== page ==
In He is Not Silent, Albert Mohler writes, “According to the Bible, exposition is preaching. And preaching is exposition.” I share his assessment, and yet I must acknowledge that a consensus definition for expository preaching proves stubbornly elusive. Consequentially, and regrettably, in recent years, the phrase “expository preaching” has become quite elastic. Much preaching gets crammed under that heading, though it bears little resemblance to more classical practitioners of biblical exposition.
To focus our thoughts, let me suggest, minimally, four essential marks of biblical exposition:
1. The necessity of accurately interpreting the text.
2. The necessity for the central point of the sermon and the sermon’s main points to be derived from the text.
3. The necessity of the sermon’s application to come from the text and for the text to be brought to bear on the congregation.
4. Fourth, and more tenuously, the priority of lectio continua, or sequential, verse-by-verse exposition.
For example, consider how three leading homileticians define expository preaching and listen for these common themes. Alistair Begg defines it as “unfolding the text of Scripture in such a way that makes contact with the listener’s world while exalting Christ and confronting them with the need for action.”
Haddon Robinson’s definition has been standard issue in seminary classrooms for several decades. He defines biblical exposition as “the communication of a biblical concept, derived from and transmitted through a historical, grammatical, and literary study of a passage in its context, which the Holy Spirit first applies to the personality and experience of the preacher, then through him to the hearers.”
Bryan Chappell argues expository preaching has occurred when:
The main idea of the sermon (the topic), the divisions of that idea (the main points), and the development of those divisions (the subpoints) all come from truths the text itself contains. No significant portion of the text is ignored. In other words, expositors willingly stay within the boundaries of a text (and its relevant context) and do not leave until they have surveyed its entirety with their listeners.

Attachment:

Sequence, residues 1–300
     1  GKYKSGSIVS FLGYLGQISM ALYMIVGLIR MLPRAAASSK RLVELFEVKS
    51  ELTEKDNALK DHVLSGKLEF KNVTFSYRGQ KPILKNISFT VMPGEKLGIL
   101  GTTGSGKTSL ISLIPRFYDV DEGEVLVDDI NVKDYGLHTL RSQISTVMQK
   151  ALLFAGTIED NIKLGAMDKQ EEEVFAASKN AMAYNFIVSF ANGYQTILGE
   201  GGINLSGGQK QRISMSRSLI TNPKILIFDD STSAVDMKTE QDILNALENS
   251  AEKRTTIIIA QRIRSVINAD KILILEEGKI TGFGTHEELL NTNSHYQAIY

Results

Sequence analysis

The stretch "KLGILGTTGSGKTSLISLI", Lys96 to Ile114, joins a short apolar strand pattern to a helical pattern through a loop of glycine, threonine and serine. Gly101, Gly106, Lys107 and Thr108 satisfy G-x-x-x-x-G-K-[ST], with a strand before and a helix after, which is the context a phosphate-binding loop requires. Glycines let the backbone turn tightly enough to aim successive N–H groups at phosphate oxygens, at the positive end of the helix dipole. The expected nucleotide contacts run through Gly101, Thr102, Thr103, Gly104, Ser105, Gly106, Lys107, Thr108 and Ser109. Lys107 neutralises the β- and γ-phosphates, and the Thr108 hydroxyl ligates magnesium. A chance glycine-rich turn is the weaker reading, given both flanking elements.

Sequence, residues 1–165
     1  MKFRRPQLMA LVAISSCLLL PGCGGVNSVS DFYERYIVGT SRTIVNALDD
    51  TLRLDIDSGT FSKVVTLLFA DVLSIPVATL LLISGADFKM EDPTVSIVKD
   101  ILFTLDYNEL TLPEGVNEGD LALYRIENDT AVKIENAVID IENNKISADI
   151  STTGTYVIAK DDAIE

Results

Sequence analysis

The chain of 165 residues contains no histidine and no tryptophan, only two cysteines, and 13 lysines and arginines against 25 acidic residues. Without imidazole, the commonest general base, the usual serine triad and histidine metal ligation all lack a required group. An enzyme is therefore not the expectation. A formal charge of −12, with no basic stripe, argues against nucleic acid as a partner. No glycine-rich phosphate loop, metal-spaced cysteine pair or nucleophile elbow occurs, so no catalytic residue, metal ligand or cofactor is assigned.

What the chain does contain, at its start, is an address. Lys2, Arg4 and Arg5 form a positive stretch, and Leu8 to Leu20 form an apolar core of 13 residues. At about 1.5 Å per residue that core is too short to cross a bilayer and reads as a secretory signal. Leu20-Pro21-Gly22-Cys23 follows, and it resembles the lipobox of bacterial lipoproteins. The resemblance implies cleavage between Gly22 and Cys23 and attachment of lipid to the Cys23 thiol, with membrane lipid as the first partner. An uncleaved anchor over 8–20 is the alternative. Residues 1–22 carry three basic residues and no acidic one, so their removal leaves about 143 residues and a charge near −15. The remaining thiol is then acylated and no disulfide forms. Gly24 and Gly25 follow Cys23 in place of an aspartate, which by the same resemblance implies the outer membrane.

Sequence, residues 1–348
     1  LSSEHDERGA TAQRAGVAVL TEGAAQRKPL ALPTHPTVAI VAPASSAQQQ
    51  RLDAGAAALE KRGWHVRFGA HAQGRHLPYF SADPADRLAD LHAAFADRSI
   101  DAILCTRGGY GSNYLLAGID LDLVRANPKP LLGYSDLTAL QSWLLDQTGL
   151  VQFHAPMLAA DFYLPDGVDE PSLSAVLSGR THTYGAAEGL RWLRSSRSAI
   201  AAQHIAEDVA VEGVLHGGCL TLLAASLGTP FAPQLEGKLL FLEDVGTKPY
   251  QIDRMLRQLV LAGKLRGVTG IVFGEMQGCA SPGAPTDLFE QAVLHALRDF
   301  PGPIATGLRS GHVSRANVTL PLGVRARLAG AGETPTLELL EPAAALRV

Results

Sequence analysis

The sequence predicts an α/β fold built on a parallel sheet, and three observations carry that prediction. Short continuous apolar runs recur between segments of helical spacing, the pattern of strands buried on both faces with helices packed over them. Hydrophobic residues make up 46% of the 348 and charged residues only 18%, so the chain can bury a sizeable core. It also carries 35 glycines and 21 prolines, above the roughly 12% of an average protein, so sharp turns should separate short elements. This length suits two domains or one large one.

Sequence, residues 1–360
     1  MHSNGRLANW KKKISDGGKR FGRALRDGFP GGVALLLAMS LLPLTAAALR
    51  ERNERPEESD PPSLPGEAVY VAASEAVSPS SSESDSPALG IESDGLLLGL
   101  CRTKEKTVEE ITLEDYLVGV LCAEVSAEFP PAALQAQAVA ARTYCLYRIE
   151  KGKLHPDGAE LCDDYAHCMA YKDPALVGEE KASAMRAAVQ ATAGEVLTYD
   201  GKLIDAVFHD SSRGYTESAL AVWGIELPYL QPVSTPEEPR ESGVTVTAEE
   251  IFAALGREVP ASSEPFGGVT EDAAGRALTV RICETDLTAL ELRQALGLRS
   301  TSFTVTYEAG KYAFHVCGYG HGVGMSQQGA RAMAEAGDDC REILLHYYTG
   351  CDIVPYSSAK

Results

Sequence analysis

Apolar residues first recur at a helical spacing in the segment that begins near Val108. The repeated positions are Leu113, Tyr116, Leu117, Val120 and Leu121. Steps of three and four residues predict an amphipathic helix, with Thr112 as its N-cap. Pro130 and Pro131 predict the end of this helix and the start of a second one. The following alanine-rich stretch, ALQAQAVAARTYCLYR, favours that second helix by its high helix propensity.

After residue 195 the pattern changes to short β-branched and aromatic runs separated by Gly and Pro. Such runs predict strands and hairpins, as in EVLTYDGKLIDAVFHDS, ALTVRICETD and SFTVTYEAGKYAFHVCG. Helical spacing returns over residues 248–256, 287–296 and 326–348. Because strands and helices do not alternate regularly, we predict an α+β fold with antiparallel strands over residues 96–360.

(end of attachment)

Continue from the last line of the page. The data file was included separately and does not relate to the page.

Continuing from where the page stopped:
For our purposes, we might simply define biblical exposition as “accurately interpreting and explaining the text of Scripture and bringing it to bear on the lives of the hearers.” While expository preaching can be much more than this, it cannot be anything less.
Even this minimalistic definition of expository preaching necessitates the sermon’s application be subordinate to the sermon’s text. The preacher does not preach from the text or on the text, he preaches the text—thus limiting the sermon’s application to the point of the passage preached.
While a stand-alone sermon can be an expository one, if that particular passage is handled in the aforementioned way, sequential, verse-by-verse exposition is preferred. After all, the practical wager of lectio continua (sequential exposition) is that, over time, the accrued week-to-week benefits offset the weekly adaptability and flexibility offered by topical preaching.
In conclusion, though preaching can be defined in many different ways, the goal must be the same: to rightly divide the word of truth. I believe consecutive exposition is the most faithful way to accomplish that end.
 Alistair Begg, Preaching for God’s Glory (Wheaton, IL: Crossway Books, 1999), 23.
 Haddon W. Robinson, Biblical Preaching: The Development and Delivery of Expository Messages (Grand Rapids: Baker Book House, 1980), 21.
 Bryan Chapell, Christ-Centered Preaching: Redeeming the Expository Sermon (Grand Rapids: Baker Academic, 2005), 131.
Editor's Note: This article is posted at JasonKAllen.com and is an excerpt from Portraits of a Pastor, by Jason K. Allen. This book is available for purchase through Moody Publishers and Amazon.